Discovering peaceful nooks in quarantined Los Angeles

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I was happier than many Angelenos when self-quarantine measures took effect last month.  I love exploring the city and all its resources, but traffic has been so consistently bad and trails overrun with hikers in recent years that I found myself sticking closer to home. After most people started working from home, though, freeways and sidewalks seemed to empty overnight. I immediately started a list: Echo Mountain in Altadena, Aliso and Woods Canyons in Orange County, the Venice Canals, Langer’s for pastrami. I got out my hiking boots. I reveled in the plummeting gas prices and deserted freeways. This was my dream Los Angeles, the city I had found so accessible and multi-faceted when I moved here twenty years ago.

Then they closed all the parks and hiking trails. They roped off beaches and promenades. Even the old forgotten basketball nets behind our local Little League field were covered in caution tape. There was the feeling that, if you weren’t going to the grocery store or hospital, you might be pulled over and cited. I put my list away and reacquainted myself with my home surroundings. My family and I baked, watched movies and gave the dog lots of belly rubs. I cleaned the oven.

Until I couldn’t stand it anymore. I had to break out.

One day after schoolwork was done, I told the kids to get in the car and started driving north. Oh My Burger, a Gardena eatery we had always wanted to try, was offering a Pandemic Special — cheeseburger, barbecue wings and garlic alfredo fries for $14.

L.A. comfort food at its finest.

I studied the map on my phone and saw that Oh My Burger wasn’t far away from the Forum, the famed arena where the Lakers and Kings used to play. Local residents like to use its perimeter as a four-mile exercise loop, and I had always wanted to check it out. We parked on Kareem Court and joined the handful of brisk walkers and scooter riders from a safe distance. We had a front-row view of the nearby construction of the new football stadium, a hive of construction activity in an otherwise eerily quiet city.

The Forum is across the street from Inglewood Park Cemetery, an unusually large expanse of greenery where Ella Fitzgerald, Ray Charles, and Betty Grable were laid to rest. We drove through slowly and it felt like a normal day there, with gardeners tending to the grounds and a handful of families placing flowers or wreaths on the graves.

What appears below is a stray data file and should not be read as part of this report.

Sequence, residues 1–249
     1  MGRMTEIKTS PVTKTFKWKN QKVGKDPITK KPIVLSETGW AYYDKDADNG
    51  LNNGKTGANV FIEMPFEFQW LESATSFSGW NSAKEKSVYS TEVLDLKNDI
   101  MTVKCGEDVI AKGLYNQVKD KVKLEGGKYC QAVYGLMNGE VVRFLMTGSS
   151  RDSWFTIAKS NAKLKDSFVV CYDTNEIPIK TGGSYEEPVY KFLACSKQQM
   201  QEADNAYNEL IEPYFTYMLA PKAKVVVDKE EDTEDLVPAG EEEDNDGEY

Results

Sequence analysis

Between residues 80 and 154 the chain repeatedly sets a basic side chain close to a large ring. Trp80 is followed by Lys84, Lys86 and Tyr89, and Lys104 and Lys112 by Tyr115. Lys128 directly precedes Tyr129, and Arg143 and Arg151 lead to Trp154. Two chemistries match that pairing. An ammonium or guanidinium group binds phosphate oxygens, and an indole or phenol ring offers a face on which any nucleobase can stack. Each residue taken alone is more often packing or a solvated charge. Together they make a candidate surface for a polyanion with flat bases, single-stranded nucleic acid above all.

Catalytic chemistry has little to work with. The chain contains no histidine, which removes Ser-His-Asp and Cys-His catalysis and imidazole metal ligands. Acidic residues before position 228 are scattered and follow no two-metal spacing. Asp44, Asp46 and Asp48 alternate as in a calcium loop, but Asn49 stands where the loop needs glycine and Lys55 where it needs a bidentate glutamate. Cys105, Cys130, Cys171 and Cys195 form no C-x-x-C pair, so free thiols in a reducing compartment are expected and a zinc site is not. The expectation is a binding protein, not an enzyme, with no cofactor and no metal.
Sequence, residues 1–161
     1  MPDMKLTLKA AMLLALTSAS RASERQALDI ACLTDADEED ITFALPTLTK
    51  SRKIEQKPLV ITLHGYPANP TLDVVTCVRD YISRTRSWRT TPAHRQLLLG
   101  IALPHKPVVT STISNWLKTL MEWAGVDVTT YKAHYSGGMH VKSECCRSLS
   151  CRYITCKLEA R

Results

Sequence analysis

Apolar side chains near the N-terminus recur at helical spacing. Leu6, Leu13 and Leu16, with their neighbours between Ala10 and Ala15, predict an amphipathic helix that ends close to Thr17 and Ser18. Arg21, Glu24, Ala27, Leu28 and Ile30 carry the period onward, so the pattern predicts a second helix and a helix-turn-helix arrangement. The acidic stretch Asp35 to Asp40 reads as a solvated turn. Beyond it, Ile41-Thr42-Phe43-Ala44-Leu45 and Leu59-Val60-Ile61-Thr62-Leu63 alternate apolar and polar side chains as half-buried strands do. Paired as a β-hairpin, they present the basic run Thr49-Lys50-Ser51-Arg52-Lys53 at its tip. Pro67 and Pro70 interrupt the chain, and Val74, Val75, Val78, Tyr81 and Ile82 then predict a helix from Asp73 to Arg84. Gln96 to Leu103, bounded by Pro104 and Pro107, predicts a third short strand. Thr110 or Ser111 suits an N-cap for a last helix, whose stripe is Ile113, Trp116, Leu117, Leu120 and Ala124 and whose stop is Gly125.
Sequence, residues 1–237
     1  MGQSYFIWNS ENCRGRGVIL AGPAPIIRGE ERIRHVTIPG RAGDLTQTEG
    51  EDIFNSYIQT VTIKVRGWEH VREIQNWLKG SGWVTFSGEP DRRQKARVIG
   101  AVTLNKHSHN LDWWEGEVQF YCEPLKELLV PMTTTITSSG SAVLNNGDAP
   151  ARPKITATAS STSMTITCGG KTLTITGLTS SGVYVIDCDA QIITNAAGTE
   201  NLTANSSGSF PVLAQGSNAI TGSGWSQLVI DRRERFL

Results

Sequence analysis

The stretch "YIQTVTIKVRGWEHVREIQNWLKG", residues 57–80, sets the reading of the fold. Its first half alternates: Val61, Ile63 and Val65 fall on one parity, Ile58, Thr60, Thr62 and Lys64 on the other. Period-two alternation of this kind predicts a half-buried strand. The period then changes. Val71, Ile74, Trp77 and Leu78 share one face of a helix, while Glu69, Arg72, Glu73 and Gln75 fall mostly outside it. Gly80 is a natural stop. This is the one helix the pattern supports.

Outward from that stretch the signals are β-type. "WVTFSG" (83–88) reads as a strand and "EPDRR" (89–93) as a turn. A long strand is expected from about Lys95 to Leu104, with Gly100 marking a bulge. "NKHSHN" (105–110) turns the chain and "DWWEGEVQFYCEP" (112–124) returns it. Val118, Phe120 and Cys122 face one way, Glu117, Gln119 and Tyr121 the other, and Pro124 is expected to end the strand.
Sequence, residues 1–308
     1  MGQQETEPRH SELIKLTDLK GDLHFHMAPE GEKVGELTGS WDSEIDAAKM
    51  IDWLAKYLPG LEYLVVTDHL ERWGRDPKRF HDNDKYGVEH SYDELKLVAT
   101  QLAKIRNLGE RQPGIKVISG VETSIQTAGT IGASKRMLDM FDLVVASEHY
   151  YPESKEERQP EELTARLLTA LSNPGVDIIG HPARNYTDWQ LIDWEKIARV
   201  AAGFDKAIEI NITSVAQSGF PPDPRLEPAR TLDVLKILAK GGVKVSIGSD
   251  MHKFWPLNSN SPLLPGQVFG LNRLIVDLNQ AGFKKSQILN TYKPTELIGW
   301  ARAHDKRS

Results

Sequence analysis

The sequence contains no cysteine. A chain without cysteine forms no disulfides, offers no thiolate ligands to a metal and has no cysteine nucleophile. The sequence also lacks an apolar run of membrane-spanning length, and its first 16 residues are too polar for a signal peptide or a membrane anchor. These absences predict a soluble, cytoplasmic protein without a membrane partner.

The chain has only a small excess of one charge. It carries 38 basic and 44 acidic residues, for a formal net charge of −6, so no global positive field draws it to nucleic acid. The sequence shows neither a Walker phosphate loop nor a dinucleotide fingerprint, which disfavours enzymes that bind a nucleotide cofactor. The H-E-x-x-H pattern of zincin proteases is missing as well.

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By the time we picked up our Pandemic Specials at Oh My Burger, complete with deep-fried Oreo puffs for dessert, I felt almost normal and had fallen in love with Los Angeles all over again.

A few days later, we tried again.

This time, we ordered lunch from Honey Dress, a new-ish fried chicken place in Torrance, and explored another area nearby before picking it up. My phone map showed that Los Arboles Park wasn’t far away. We could walk the dog while we waited for our food.

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Turns out, Arboles Park boasts a sweeping hat-trick view that takes in ocean, city and mountains, capturing Los Angeles as I had never seen before. It also has one of those vintage rocketship slides that have been phased out to make way for safer (read: boring) plastic playgrounds that now dominate parks the world over. I regret that I hadn’t learned about this park earlier in my mom life, when the kids would have gotten real play mileage out of that rocketship.

We went home feeling human once again — and we had incredibly good Korean-style fried chicken to boot. Another euphoric L.A. moment. There’s nowhere else like it.

Our next trip was on Good Friday. We decided fried fish would be an appropriate supper, and H. Salt popped up on a search of local fish places. Turns out, it was near a county park with a big pond teeming with geese and ducks. I had driven past Alondra Park many times, but had no idea it was so expansive. It borders a (closed) golf course, and there is so much open space that a gymnastics team could take over one area without violating social distancing rules. I found myself stopping often to breathe deeply and revel in the old trees and rippling water.

The fish place was the kind of unassuming strip-mall joint that exists all over L.A. Inside, three masked, gloved and hair-netted people were working hard filling bags with hush puppies and fried hunks of catfish, shrimp and zucchini. A handwritten sign warned customers that they wouldn’t be served if they weren’t wearing a mask. The bill came to $49 and it pretty much covered dinner for four people (maybe three-and-a-half) twice over. Who says L.A. is only for the rich and glamorous?

It’s easy to be envious of the people who have escaped the city to second homes in Palm Springs or Mammoth or the wilds of Utah. But there isn’t any place that I would rather be right now than Los Angeles. The quarantine has reminded me that the city still has  plenty of peaceful places waiting to be discovered. And fresh air to boot, while it lasts.

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